Life on a Deathbed

The Death of Ivan Ilyich

A lifelong Russian Orthodox Christian,1 Leo Tolstoy underwent an intense “conversion” in his late fifties when he embraced a more ascetic mode of living and, although a nobleman, lived as a servant. The Death of Ivan Ilyich, his first work exhibiting this change, recounts the formative events in the title character’s life, revealing an absence of any meaningful relationships right up until his deathbed repentance. Whether or not the novel captures some of Tolstoy’s late-in-life reflections on his pre-conversion life, it evokes the psalmist’s call to “number our days aright, that we may gain a heart of wisdom,” as the story unfolds the spiritual cost of neglecting or...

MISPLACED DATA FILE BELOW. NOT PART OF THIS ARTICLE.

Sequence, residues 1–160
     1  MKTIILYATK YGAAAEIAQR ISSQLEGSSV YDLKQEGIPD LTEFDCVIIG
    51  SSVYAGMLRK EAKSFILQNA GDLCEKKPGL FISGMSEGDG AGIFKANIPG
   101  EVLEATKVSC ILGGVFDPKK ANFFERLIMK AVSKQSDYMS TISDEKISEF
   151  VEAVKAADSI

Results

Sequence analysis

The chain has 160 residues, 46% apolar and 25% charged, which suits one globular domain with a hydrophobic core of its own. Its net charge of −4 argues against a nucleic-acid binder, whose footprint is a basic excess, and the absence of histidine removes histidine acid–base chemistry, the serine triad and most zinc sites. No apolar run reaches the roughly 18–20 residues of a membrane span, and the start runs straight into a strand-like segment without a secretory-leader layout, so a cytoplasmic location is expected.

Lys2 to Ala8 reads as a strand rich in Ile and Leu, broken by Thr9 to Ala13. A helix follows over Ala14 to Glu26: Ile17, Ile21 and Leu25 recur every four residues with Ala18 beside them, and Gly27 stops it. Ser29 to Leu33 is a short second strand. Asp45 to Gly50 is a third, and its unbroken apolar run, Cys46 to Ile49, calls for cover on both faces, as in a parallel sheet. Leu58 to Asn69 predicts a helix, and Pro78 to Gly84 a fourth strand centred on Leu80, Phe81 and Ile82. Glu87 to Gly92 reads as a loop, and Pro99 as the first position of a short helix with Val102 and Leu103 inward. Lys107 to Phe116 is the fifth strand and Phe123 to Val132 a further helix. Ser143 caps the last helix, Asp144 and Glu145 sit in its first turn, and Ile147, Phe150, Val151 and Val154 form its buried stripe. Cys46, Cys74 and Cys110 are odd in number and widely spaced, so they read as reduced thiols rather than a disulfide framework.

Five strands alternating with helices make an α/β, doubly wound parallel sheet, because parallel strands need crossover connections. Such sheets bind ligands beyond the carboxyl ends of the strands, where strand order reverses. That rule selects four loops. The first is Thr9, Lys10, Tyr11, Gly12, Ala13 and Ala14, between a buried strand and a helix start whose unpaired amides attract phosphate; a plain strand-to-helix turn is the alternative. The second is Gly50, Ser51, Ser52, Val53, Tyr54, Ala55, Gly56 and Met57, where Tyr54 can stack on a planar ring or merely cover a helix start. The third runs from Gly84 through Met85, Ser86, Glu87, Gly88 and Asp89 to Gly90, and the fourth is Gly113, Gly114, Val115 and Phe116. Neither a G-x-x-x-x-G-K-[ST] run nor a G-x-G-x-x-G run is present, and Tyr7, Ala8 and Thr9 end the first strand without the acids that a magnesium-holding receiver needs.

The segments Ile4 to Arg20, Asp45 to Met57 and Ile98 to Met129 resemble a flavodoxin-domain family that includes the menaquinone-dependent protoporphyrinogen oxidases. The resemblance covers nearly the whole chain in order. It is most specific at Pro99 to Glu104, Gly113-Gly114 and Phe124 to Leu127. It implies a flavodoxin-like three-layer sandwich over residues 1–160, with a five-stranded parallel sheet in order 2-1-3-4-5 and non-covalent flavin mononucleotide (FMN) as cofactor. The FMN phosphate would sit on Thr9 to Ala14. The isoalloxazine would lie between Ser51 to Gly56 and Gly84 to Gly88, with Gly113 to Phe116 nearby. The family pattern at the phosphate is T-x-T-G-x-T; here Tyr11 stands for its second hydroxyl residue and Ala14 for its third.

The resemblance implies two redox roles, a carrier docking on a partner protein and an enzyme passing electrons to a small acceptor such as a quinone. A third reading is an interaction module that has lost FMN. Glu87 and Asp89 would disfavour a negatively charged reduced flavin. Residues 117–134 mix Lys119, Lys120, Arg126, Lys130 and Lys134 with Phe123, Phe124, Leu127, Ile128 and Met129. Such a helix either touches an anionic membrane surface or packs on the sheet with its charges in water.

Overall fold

is a retired secondary teacher of English and philosophy. For forty years he challenged students to dive deep into the classics of the Western canon, to think and write analytically, and to find the cultural constants reflected throughout that literature, art, and thought.

This article originally appeared in Salvo, Issue #67, Winter 2023 Copyright © 2024 Salvo |


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